“Every province will need to be approached differently. Every province has a different need. We need to take decisions keeping in mind the province,” the foreign minister remarked.

“The measures taken in Wuhan were different than those taken in other provinces since there were more cases of the disease. We need to do the same here in Pakistan. Our main priority right now is to save lives. We have to keep in mind that the measures we take are balanced and do not destroy our economy,” Qureshi said.

“We don’t need a uniformed approach and need to monitor the situation and see what measures we need to take in areas with more pressure,” he said.

Qureshi added that public cooperation was another important factor in stopping the spread of the virus. “If the public had not cooperated [in China] the prevention would not have happened. The public needs to practice social distancing to stop the spread of the virus,” he noted.

He added that he had spoken to Pakistani students that the government had not evacuated and they were happy and had already started working on their thesis.

‘Will go go into self-isolation for five days’

The foreign minister further said he would go under five-day isolation after his trip to China.

“Before leaving for China we had a swab test done which came back negative,” Qureshi said.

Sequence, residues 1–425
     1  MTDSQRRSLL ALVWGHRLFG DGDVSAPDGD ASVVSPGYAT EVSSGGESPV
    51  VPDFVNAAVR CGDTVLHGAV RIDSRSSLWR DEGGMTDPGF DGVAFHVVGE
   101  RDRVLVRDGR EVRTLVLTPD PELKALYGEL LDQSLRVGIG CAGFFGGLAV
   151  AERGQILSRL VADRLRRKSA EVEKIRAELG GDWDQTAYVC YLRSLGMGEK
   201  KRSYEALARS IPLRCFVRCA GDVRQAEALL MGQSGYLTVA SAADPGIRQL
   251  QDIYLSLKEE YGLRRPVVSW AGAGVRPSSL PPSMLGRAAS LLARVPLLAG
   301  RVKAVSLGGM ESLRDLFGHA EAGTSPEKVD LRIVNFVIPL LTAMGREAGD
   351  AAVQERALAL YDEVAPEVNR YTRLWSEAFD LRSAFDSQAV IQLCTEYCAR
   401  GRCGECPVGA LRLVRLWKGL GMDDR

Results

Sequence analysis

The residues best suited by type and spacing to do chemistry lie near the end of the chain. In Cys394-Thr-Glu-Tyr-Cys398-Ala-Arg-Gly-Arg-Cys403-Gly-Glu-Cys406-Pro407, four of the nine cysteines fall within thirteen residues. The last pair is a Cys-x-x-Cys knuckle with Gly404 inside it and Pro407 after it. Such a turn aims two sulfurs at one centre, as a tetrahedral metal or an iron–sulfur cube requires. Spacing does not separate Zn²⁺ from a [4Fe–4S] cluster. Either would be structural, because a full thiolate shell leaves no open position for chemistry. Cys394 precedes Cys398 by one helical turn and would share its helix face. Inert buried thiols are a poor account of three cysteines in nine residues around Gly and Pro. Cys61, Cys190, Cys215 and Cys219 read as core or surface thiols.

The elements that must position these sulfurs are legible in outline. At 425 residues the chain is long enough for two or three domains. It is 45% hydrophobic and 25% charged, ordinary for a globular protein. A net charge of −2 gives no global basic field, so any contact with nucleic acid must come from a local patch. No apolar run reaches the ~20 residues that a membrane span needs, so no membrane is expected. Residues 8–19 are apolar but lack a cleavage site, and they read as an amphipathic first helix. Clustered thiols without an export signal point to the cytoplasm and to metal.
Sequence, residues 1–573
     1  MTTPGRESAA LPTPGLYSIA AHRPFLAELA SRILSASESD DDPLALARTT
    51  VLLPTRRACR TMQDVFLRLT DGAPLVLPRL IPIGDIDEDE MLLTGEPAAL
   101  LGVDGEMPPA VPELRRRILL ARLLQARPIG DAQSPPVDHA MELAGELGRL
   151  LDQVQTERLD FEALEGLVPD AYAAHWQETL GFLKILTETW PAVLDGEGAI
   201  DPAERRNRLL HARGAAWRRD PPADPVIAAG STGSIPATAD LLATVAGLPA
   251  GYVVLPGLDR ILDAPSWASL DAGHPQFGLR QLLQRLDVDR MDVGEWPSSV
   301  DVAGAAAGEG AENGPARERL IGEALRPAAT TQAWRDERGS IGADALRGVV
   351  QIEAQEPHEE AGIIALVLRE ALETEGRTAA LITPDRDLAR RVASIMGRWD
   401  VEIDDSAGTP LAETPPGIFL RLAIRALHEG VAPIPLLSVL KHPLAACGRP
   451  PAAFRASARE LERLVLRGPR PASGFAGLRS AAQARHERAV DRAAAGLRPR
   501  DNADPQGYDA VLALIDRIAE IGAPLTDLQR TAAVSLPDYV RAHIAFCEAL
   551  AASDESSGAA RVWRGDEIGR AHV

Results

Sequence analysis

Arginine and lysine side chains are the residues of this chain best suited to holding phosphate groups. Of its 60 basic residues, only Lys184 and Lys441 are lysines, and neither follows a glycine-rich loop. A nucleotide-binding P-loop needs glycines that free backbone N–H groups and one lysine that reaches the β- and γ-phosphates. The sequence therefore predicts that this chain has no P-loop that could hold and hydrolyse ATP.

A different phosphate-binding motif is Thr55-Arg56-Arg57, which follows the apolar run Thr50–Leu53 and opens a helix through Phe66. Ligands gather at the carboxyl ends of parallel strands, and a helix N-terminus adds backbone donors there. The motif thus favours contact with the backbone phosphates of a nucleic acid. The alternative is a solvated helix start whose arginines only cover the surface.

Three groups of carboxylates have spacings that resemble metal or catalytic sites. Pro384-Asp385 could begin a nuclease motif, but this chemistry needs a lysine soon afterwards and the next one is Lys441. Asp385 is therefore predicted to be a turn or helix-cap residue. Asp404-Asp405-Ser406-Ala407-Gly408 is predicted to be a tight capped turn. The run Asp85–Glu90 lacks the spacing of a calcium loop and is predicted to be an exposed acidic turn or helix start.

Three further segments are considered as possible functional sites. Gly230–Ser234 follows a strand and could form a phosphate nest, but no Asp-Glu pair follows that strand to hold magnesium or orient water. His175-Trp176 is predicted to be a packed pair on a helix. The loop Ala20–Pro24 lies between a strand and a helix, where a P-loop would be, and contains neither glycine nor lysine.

“When we reached China, a blood and swab test was done which also came back negative and only after that we had our meetings. Before leaving, another blood test was conducted whose result will come out today,” Qureshi said.

The foreign minister added that as a precautionary measure, he has decided to go into self-isolation for five days. 

“After five days I will do another swab test and if that also comes back negative, I will then go out and interact with people. This is what the experts have suggested and I intend to do it to set an example for others,” he added. 

Oil crash piles pressure on virus-hit Saudi economy

Recent arrests of King Salman's brother and nephew have also triggered speculation of political instability. — AFP/File

From empty hotels to shuttered beauty salons, oil-dependent Saudi Arabia is bracing for a coronavirus-led economic slump on top of possible austerity measures as crude prices go into free fall.

Huge losses are expected after the Arab world’s biggest economy shut down cinemas, malls and restaurants, halted flights, suspended the year-round umrah pilgrimage and locked down eastern Qatif region — home to around 500,000 — in a bid to contain the deadly virus.

The top crude exporter also faces plummeting oil prices, which slipped below $30 a barrel this week for the first time in four years, on the back of sagging demand and a price war with Russia.

The shock of this liquidity sapping cocktail of events has necessitated austerity measures which are likely to imperil grandiose diversification projects.